Providing direct acting antivirals (DAAs) for hepatitis C virus (HCV) in primary care significantly increases treatment uptake and cure rates in people who inject drugs (PWID) compared with referral to hospital-based services, according to a randomized, controlled study published in Clinical Infectious Diseases.1

In high income countries, the HCV epidemic is driven by transmission associated with injection drug use.2,3 In the past, HCV treatment with pegylated interferon had poor efficacy, significant morbidity, and could only be accessed from specialist physicians located in hospital clinics. The introduction of DAAs has revolutionized the HCV treatment landscape,4,5 and the World Health Organization (WHO) has set HCV elimination targets for 2030 of an 80% reduction in new cases and a 65% reduction in mortality.6 To reach these goals, it is essential to increase access to DAAs, especially among PWID.1 Thus, researchers in Australia and New Zealand randomly assigned 136 PWID with HCV to receive DAAs at their primary care sites (n=70) or at a local hospital (n=66) to determine whether people treated in primary care had a noninferior sustained virologic response at week 12 (SVR12) rate compared with historical controls. They found that the SVR12 rate (100%) of people treated in primary care was noninferior when compared with historical controls (85% assumed). They also found that the proportion of patients beginning treatment in primary care (75%, 43/57) was significantly higher than in local hospitals (34%, 18/53) (P <.001), and the proportion of participants with SVR12 was significantly higher in primary care compared with local hospitals (49%, 28/57 and 30%, 16/53; P =0.043).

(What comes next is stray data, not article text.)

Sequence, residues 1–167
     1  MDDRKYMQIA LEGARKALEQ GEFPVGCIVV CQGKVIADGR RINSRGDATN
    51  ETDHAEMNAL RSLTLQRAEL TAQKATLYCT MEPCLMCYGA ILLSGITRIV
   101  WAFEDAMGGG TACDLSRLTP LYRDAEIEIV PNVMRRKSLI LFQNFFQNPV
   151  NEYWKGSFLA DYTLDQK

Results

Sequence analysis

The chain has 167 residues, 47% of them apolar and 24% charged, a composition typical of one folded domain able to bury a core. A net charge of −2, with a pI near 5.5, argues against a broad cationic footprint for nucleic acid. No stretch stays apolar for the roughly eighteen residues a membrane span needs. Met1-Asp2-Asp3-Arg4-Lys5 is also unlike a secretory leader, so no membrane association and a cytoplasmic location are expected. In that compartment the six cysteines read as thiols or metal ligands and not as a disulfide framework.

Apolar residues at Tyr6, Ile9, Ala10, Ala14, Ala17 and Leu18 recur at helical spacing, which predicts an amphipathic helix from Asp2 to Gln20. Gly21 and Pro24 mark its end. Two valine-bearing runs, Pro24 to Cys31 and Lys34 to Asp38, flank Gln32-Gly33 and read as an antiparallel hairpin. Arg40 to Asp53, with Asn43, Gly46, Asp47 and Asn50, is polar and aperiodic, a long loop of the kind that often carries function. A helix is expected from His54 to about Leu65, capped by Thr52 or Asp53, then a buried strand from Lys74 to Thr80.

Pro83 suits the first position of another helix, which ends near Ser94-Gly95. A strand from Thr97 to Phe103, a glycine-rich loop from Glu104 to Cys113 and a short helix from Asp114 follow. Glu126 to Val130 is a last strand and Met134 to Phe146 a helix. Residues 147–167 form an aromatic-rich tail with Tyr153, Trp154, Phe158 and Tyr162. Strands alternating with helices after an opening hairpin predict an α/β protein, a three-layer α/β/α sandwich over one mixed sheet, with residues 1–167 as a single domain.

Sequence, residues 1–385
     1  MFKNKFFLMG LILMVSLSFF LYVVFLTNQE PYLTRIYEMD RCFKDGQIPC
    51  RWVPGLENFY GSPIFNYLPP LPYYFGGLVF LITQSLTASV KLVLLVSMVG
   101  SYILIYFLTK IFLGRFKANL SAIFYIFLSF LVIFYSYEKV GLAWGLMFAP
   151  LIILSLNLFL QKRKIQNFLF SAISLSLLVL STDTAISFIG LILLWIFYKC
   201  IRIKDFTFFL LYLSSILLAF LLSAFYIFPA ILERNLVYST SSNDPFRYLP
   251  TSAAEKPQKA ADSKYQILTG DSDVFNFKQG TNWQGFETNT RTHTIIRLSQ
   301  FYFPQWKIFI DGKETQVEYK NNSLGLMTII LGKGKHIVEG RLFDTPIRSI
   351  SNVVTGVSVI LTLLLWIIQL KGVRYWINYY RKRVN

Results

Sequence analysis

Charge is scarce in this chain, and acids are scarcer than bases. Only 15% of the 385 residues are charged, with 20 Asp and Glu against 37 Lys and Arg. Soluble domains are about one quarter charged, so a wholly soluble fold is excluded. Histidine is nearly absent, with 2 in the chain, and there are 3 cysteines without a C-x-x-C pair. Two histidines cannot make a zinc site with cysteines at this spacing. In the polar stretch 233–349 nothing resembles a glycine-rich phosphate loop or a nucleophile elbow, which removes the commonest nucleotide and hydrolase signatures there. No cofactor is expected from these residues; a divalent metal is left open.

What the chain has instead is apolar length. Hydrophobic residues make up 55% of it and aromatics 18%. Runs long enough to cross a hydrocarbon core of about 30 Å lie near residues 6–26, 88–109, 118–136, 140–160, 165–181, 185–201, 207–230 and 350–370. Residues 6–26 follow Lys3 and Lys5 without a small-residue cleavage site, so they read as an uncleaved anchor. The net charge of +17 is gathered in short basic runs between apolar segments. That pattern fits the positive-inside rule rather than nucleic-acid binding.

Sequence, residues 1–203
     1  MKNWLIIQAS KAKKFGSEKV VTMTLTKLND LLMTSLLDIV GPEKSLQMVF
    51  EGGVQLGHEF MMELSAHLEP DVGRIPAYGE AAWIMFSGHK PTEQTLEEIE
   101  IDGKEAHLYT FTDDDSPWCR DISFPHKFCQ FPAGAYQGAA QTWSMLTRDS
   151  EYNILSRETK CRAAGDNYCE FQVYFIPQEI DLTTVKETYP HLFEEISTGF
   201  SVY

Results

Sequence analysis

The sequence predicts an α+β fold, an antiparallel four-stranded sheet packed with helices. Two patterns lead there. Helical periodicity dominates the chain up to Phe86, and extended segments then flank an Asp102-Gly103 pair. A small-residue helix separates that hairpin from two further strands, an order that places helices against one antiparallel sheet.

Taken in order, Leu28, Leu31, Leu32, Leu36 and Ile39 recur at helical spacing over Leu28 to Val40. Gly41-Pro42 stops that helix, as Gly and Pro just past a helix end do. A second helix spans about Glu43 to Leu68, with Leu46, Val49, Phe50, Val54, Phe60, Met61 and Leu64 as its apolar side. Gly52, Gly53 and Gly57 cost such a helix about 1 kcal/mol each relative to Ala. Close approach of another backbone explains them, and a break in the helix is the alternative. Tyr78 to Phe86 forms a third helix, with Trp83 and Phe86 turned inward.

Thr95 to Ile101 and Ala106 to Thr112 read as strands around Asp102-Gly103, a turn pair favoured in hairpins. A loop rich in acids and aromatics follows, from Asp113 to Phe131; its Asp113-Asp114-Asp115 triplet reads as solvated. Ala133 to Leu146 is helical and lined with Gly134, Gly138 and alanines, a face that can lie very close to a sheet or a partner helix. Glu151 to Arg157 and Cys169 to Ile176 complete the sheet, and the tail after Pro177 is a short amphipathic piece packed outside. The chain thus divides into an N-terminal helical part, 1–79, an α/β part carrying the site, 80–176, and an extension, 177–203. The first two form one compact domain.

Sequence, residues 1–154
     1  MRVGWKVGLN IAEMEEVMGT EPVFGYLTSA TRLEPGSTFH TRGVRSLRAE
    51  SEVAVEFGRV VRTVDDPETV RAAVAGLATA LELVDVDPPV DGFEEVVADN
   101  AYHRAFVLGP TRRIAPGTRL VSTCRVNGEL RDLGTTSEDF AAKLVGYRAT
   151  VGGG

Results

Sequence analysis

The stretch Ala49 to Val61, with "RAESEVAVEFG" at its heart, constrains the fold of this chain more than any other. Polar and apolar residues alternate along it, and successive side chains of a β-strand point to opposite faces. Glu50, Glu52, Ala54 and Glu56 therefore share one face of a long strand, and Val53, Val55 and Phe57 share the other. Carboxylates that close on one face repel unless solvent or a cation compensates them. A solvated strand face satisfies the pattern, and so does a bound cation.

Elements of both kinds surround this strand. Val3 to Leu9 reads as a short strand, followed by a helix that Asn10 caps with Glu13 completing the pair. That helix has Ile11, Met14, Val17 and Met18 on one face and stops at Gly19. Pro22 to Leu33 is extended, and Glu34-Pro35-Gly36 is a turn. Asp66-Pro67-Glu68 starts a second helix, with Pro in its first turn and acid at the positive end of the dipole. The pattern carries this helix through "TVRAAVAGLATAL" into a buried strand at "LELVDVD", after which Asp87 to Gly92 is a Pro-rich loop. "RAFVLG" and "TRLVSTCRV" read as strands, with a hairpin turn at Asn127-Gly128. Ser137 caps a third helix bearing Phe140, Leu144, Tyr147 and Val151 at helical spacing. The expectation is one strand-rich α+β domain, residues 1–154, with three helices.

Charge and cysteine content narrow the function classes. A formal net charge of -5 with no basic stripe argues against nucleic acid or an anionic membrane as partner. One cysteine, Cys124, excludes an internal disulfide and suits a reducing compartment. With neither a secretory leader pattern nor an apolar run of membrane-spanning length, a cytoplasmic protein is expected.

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The authors concluded that, “Broadening access to DAAs beyond hospital-based services must occur if their benefits are to be fully realized. Strategies that engage priority populations such as PWID are key to achieving hepatitis C elimination.”


References
1. Wade AJ, Doyle JS, Gane E, et al. Outcomes of treatment for hepatitis C in primary care compared to hospital-based care: a randomized controlled trial in people who inject drugs [published online June 22, 2019]. Clin Infect Dis. doi:10.1093/cid/ciz546

2. Lanini S, Easterbrook PJ, Zumla A, Ippolito G. Hepatitis C: global epidemiology and strategies for control. Clin Microbiol Infect. 2016;22(10):833-838.

3. Nelson PK, Mathers BM, Cowie B, et al. Global epidemiology of hepatitis B and hepatitis C in people who inject drugs: results of systematic reviews. Lancet. 2011;378(9791):571-583.

4. Feld JJ, Kowdley KV, Coakley E, et al. Treatment of HCV with ABT-450/r-ombitasvir and dasabuvir with ribavirin. N Engl J Med. 2014;370(17):1594-1603.

5. Kowdley KV, Gordon SC, Reddy KR, et al. Ledipasvir and sofosbuvir for 8 or 12 weeks for chronic HCV without cirrhosis. N Engl J Med. 2014;370(20):1879-1888.

6. Global Hepatitis Report, 2017. World Health Organization website. https://www.who.int/hepatitis/publications/global-hepatitis-report2017/en/. Updated April 2017. Accessed July 29, 2019.

This article originally appeared on Infectious Disease Advisor